This Unit introduces the trainee to the basics of ground and sketch mapping.
Community mapping is a process and a tool used to visually convey spatial knowledge. A community mapping process may help to visualise the distribution of resources, issues and spatial relationships at the village level. Ground and sketch maps are powerful tools that make it easier to identify and analyse place-based patterns and communicate those patterns in a simple and visually realistic way to a broad range of stakeholders. Ground and sketch maps offer local communities a means of spatially visualising their knowledge and perceptions which, in turn, stimulates the exchange of information and equalises opportunities for all community members to participate in processes affecting their livelihood.
Unit objectives / expected outcomes
After the completion of the Unit the trainee will be able to:
- describe and differentiate ground and sketch mapping;
- explain the characteristics of ground and sketch mapping;
- conduct ground and sketch mapping;
- discuss strengths, weaknesses and opportunities of ground and sketch mapping.
Content outline, main topics covered and suggested sequencing
This Unit focuses on the topics listed below:
- Ground and sketch mapping; their strengths and weaknesses (PPT No. 1, including brief Q&A session at the end) (30 min); (Exercise No. 1) (1 hr); (Exercise No. 2) (optional; 1–3 hrs, up to a whole day); (Exercise No. 3) (1–2 hrs); (Exercise No. 4) (1 hr)
Components of the Unit
- Exercise No. 1: Map your neighbourhood; to practise diagramming, including scale, symbols, and direction, and to discuss processes and omissions in diagramming (1 hr)
- Exercise No. 2 (optional): Transect walk; to demonstrate the importance of going in person (as a team) to observe and talk about things of local importance (1–3 hrs, up to a whole day)
- Exercise No. 3: Mental map analysis; to discover what different maps tell about the people who drew them; to illustrate the great differences in perceptions held by different groups of people within the communities or organisations; to demonstrate the validity of these different views and the importance of acknowledging and understanding multiple perspectives and priorities within communities and organisations (1–2 hrs)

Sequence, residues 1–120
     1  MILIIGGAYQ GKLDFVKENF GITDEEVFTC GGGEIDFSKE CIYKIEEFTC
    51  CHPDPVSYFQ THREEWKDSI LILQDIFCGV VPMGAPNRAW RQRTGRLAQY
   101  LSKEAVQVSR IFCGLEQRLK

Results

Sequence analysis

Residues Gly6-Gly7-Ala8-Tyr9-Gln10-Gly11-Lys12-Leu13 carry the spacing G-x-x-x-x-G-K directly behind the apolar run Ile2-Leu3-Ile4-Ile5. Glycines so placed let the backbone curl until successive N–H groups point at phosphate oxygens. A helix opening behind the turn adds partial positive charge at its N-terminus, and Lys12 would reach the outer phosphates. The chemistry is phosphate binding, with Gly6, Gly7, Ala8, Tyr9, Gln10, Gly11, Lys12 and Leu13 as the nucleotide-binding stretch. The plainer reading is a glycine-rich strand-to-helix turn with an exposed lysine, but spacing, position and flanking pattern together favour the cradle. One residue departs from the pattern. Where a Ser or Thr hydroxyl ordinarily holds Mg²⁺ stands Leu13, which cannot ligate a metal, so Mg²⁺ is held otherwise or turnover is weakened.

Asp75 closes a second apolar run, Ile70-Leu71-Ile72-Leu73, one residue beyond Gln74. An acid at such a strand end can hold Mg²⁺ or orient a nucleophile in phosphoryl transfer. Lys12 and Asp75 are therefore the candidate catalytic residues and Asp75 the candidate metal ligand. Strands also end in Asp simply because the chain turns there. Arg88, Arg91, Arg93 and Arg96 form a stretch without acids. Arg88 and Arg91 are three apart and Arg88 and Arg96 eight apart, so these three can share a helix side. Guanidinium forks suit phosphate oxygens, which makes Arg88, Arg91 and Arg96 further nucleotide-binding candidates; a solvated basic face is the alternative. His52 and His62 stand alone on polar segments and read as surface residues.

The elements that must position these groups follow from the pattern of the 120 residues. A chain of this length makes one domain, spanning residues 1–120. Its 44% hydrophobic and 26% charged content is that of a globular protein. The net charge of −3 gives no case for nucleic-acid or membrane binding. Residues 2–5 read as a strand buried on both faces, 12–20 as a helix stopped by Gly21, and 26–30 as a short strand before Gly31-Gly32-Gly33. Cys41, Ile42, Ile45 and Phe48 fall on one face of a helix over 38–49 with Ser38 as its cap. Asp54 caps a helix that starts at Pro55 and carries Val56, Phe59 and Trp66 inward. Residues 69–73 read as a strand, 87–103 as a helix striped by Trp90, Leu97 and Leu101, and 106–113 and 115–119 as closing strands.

- Exercise No. 4: SWOT analysis; to identify strengths and opportunities and consider how to optimise these; to identify weaknesses and threats and strategise on how to address these (1 hr)
Handouts for Trainee (to be distributed in printed format):
- Ground and Sketch Mapping (Handout4T)
- Guidelines: Transect Mapping Guideline
- Article: Resource Mapping
- Article: SWOT Analysis
- List of Additional Resources
- Unit Glossary (Included in the Module Glossary)
Handouts for Trainee (to be distributed in digital format)
- Article: Participatory mapping as a catalyst for rural people’s empowerment
- Article - Land and natural resource mapping by San communities and NGOs: experiences from Namibia
- PPT No. 1: Introduction to Ground and Sketch Mapping; This presentation provides an introduction to the methods of ground and sketch mapping, including their strengths and weaknesses (30 min)
4-5 hrs; if Exercise No. 2 (transect walk) is included, the Unit may take up to 2 days.
Additional trainer resources
- Jules N. Pretty, Irene Guijt, Ian Scoones and John Thompson, Participatory Learning and Action: A Trainer’s Guide, IIED, 1995, Participatory methodology series, UK
Beamer, computer, flip charts, pin boards, blackboards or whiteboards, wall space, marker pens, large sheets of paper, craft paper (1m x 2 m), masking tape, scissor, small notebooks, pens, prepared maps copied onto coloured paper, table, meta cards, pins or thumbtacks